Fig. 1

Natural history of HCV-related HCC development and modulation by anti-HCV therapies. Progressive liver fibrosis along with aging gradually increases the risk of hepatocarcinogenesis, which could be further accelerated by several host and viral risk factors. Annual incidences of HCC development and recurrence after DAA-based SVR were estimated from retrospective and prospective studies summarized in Table 1. SVR induced by interferon- or DAA-based anti-HCV therapies may result in distinct post-SVR HCC risk. AFP alpha-fetoprotein, DAA direct-acting antiviral, HCV hepatitis C virus, HCC hepatocellular carcinoma, SVR sustained virologic response

Table 1

Incidence of post-sustained virologic response (SVR) hepatocellular carcinoma (HCC) development and recurrence

Author (year), Reference

Major race

Country

Type of anti-HCV therapy

n

Follow-up, median, years

Male sex, n (%)

Age, median, years

Advanced fibrosis/cirrhosis, n (%)

Treatment for previous HCC

Reported HCC incidence in SVR, % (interval in years)

Annual HCC incidence in SVR, %

Reported HCC incidence in non-SVR, % (interval in years)

Annual HCC incidence in non-SVR, %

Study design

HCC development

              

Akuta (2011) [34]

Asian

Japan

IFN-based

1273

1.1

783 (61.5)

53

109 (8.6)

3.2 (5)

0.65

Retrospective

Chang (2012) [51]

Asian

Taiwan

IFN-based

1271 (including 400 non-SVR)

3.4

661 (75.9)

55.4a

355 (27.9)

1.2 (3)

0.4

Retrospective

Huang (2014) [52]

Asian

Taiwan

IFN-based

642

4.4

302 (54.3)

51.4a

86 (13.4)

5.8 (5)

1.2

Retrospective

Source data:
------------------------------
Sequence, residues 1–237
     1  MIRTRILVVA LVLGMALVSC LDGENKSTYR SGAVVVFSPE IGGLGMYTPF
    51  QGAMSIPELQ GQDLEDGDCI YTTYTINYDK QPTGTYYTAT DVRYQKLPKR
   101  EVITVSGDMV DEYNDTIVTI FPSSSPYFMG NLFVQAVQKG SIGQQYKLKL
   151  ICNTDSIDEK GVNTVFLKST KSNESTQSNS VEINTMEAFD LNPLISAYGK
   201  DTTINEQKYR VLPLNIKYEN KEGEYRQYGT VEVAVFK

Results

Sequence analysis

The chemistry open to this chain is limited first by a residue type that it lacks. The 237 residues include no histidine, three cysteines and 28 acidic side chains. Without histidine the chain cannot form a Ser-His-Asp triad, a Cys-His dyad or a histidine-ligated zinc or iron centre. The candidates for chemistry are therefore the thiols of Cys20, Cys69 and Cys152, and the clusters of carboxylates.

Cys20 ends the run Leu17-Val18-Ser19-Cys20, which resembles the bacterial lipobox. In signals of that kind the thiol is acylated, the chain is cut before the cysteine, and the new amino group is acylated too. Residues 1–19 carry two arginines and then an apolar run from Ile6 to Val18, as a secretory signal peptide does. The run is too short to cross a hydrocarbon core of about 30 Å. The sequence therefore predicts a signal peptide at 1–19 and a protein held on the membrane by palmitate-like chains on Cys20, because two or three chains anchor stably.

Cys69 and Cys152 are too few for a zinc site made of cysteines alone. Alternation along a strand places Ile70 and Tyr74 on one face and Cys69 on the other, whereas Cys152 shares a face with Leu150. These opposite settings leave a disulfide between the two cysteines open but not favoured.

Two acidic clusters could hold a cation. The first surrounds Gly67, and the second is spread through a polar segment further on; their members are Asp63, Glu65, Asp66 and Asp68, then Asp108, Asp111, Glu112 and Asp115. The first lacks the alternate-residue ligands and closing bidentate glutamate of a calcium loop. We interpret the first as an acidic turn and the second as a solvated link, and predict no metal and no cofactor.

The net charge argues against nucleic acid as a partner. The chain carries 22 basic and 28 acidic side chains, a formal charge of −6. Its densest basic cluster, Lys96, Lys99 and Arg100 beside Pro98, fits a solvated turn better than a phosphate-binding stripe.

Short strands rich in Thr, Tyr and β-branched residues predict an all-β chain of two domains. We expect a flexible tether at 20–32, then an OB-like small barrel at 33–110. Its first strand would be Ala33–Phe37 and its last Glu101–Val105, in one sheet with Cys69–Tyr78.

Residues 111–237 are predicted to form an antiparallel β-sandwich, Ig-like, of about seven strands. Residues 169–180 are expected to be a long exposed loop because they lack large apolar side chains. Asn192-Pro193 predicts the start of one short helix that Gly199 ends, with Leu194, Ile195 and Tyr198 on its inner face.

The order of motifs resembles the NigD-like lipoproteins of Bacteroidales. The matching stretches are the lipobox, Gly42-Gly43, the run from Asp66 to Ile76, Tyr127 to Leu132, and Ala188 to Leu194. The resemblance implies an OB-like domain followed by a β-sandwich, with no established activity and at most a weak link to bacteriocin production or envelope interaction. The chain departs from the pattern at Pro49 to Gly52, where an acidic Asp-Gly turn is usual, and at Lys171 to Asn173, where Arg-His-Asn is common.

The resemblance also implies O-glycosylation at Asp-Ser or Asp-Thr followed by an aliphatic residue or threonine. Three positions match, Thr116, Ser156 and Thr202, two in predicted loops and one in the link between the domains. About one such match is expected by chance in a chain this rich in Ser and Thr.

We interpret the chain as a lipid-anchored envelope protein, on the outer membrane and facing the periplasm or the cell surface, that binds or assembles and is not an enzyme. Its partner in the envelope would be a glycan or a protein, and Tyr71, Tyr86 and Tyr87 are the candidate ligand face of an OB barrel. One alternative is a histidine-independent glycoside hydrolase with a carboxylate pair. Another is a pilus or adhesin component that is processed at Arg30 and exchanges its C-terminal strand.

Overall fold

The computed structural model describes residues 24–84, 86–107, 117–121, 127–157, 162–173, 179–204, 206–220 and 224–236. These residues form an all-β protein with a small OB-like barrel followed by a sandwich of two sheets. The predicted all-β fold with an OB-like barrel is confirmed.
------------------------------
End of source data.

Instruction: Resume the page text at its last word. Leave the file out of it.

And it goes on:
Yamashita (2014) [53]

Asian

Japan

IFN-based

562

4.8

311 (55.3)

57

129 (23.0)

3.1 (5)

0.63

Retrospective

Oze (2014) [54]

Asian

Japan

IFN-based

1425

3.3

727 (51.0)

54.5

118 (11.6)

2.6 (5)

0.53

11.7 (5)

2.49

Prospective

Toyoda (2015) [55]

Asian

Japan

IFN-based

522

7.2

292 (55.9)

50.6

27 (5.5)

1.2 (5)

0.24

Retrospective

Wang (2016) [56]

Asian

Taiwan

IFN-based

376

7.6

185 (49.2)

54.1

127 (33.8)

1.4 (5)

0.28

Retrospective

Kobayashi (2016) [57]

Asian

Japan

IFN-based

528

7.3

308 (58.4)

54

78 (14.8)

2.2 (5)

0.44

Retrospective

El-Serag (2016) [36]

Caucasian

USA

IFN-based

10,738

2.8

10,232 (95.3)

53.1a

1548 (14.4)

0.33 (5)

0.07

Retrospective

Nagaoki (2016) [58]

Asian

Japan

IFN-based

1094

4.2

585 (53.5)

60

208 (1.9)

4.0 (5)

0.82

Retrospective

Tada (2016) [59]

Asian

Japan

IFN-based

587

14.0

324 (55.2)

50

4.4 (10)

0.45

14.7 (10)

1.59

Retrospective

Tada (2016) [60]

Asian

Japan

IFN-based

170

14.2

106 (62.4)

52.5

7.1 (10)

0.74

Retrospective

van der Meer (2016) [61]

Caucasian

Europe and Canada

IFN-based

1000

5.7

676 (68.0)

52.7

842 (85.0)

7.6 (8)

0.99

Retrospective

Kobayashi (2016) [57]

Asian

Japan

DAAs

77

4.0

34 (44.2)

63

23 (29.9)

3.0 (5)

0.62

Retrospective

HCC development or recurrence